"senior manager" Discussed on Latinos Who Tech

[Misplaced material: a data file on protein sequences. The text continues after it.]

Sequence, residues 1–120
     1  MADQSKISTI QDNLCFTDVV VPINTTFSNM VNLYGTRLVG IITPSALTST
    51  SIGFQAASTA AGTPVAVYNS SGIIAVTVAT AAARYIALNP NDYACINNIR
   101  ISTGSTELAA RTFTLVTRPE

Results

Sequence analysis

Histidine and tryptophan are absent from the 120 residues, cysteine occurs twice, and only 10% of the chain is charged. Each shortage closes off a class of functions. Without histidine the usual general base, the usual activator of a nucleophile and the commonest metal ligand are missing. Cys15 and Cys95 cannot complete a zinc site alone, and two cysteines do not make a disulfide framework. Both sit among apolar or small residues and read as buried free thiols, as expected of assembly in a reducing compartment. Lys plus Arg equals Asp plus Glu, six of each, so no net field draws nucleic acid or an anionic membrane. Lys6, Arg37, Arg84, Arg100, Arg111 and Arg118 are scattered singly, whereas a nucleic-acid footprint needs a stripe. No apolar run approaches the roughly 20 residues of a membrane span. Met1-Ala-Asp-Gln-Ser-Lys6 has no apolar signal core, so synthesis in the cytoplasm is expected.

"Welcome to Latinos who tech. My name is Olga Casinos. I'm an engineer. And I work in Silicon Valley I am originally from Kaz Venezuela a navy calling the US home for the last ten years when it comes to Latinas in the US. We are sixty million people. But we're only three percent of the workers in science or Engineering Profession. Silicon Valley of had the opportunity to meet some remarkable professionals. That working attacking Lebanon's like me with this podcast. I want to bring you a collection of their stories. And how they got the job in tech in the first place and if they have to start all over again what would they do differently? I want to share with you career advice on how to get a job in tech dealing passer syndrome. How to find your drive? When you're the only one in the rump. This Latina so attack. This episode of Latinos attack is brought to you by audible. Audibles the world's premium platform for audiobooks with over one hundred and fifty thousand. Titles if you're like me you're passionate about learning new things but finding the time to read maybe difficult. All your books are great alternative. You can get a free thirty day. Trial plus a free by going to audible trial the COM slash Latinos. Gosport them since they support us. Thank you so Briana. Welcome to Latinos attack. Thank you. I'm excited to be here so tell me your story. Oh Wow aren't even start I guess for me. I grew up a by a single mom. The oldest of three kids and I like that really shaped me. I'm super grateful to be four generations that Hannah so to be raised with You know my own independence to like. Live your own life. Do Your own thing. I'm so grateful my Mama said you know. Go as far as you can dream big. You know I'll live vicariously through you and support you in any way I can And so it's very I want to say kind of the opposite of how we hear. The story of most women are taught to be calm and quiet and collected in. My mom was like go out and play in the rain and get dirty and I'm super grateful for having such a wise woman. Raised me to be so strong and independent and to be raised and dream big I know when I was growing up like any little kid. They say you know. What are you going to be when you grow up? But now it's going to help people. I want to be a doctor and you know but I've been seeing since I was three so I just I would have entertained. People and I want people to feel like loved heard and seen how I love pictures and I love that you can capture moments. You know and I would love to be a photographer. I really WANNA teach early and I love learning and I'm obsessed and so even the growing up both my mom and grandma on older my memorial with semi not the kitchen table. And saying well you can. Actually you know. Go to school to be a doctor. Because that's the highest degree. You need on spend time doing now. You know invest in yourself. You know you'd be a doctor from Monday through Friday and then you can be a singer on the weekends right Friday night. Gigs on the weekends at your home. But whenever you're traveling around the world helping people you can teach them about the cultures take pictures of where your ads so they kind of just helped me understand that you know you're only limited by what your own beliefs are Insiders always thought like anything is possible in so intern with as my life continued to evolve continued to keep pushing myself and challenging. And I would notice that I obviously would score high in math and science and it was those two fields really just challenged me whereas I love writing stories. I love being creative. But that's funny. Came easy to me so math and science. It was just something that I had to climb that mountain to achieve and that sense of accomplishment when I finally got that problem really meant a lot to me and so I continued on I guess I've been seeing on threes on a chose a path to go in high school. I took a hand instrument. Draft class absolutely fell in love. I can't draw. Stick people to save my life but I draw three dimensional isometric view of something Wish we kind of blew me away after that. I kind of just started asking questions. Know what. What can I do to do this? How does this relate to like any kind of career choice And My hand instrument drafting teacher had ended up telling the engineering is really. I was really obsessed with cars and engines so curious about how things worked levers police years. I'll go crazy for it all Towards I started pursuing mechanical engineering at ended up having to go to college. I want it thousand miles away from home. Put on academic probation And but even that like I've done a lot of internships so I'm a very hands on Learner You know conceptual learning was very difficult for me. And so I knew I wasn't GonNa get straight as in college and I continued to pursue more internships and Co ops and so by the time I graduated I had already about three three and a half years of experience in different industries but Iowa's really drawn to manufacturing how things were made the process improvement manufacturing engineering industrial engineering and ended up finding my way through again different avenues Essentially grading rotational program for an International Aerospace Company got laid off ceremony consulting firm Then went into automotive manufacturing and then kind of found that transition of doing exactly what I love to do between kind of the idea and concept of new industry new technology implementation to actually assembly lines and what that looks like so now. I'm doing it fulltime for non profit from against essentially. How do we train people? What's the ideas? And then how do we actually get that Down to the local level so again like my passion for people in processes and really challenging myself continued to be a consistent throughout my entire life and not for any non for profit Checked which way the two people that listen to this are well acquainted with chat and how much I am you know. I think that the whole the lifetime members like us. We are the ship cheerleaders. If you will because a every time that I meet somebody that happens to be Hispanic Latino whatever you WANNA call it at work on. They mentioned that. Oh Yeah what is this shop thing or these ace ace HP thing? Oh okay. I need to I a couple of causing coming. How much time do you have? A best kept secret you know. I wish I would have known about it sooner. Beato that this this awesome. Thank you for sharing that and So so you need mechanical. In school he asks. And that's why I said if I would have known. What manufacturing or national engineering was. I wouldn't have had to torture myself with you. Know he transferred thermal system designed but I made it through long in turmoil path but I made it dissolve them. Yeah and then. Once you're ending donaire you know nobody can take that away from you. That way of thinking analytically and You know ruining running towards the problems instead of away from them. That's that's pretty unique so yes very much so even just a way of thinking. Yeah Yeah it's like You know and again we can be something as simple as okay. I gotTa do my laundry and tried to figure out like okay. How can minimize the number of trips down to the that's really cool and I know I have to bring you in because There's the old being an ally and the you know again you know we. We know that mentoring important. Also having not being a sponsor where people but there's been an ally and the ultimately I think that a lot of people are linked with myself is that we hear this word ally being thrown around at our workplace battle. Yeah we need to be better allies for you know a underrepresented minorities in especially in stem. Well women people of Color You know it'd be Q. People so what have you so I wanNA exploiting Savio. You know asked the asa man as I I was like. How can they be better ally to those women around me gene check because again full disclosure? I was actually invited well workshop for Shipping Conference and the in the beginning. That workshop was straightforward. It's about work. Mike balance how to say no and I bring my say. Note the people everyday including.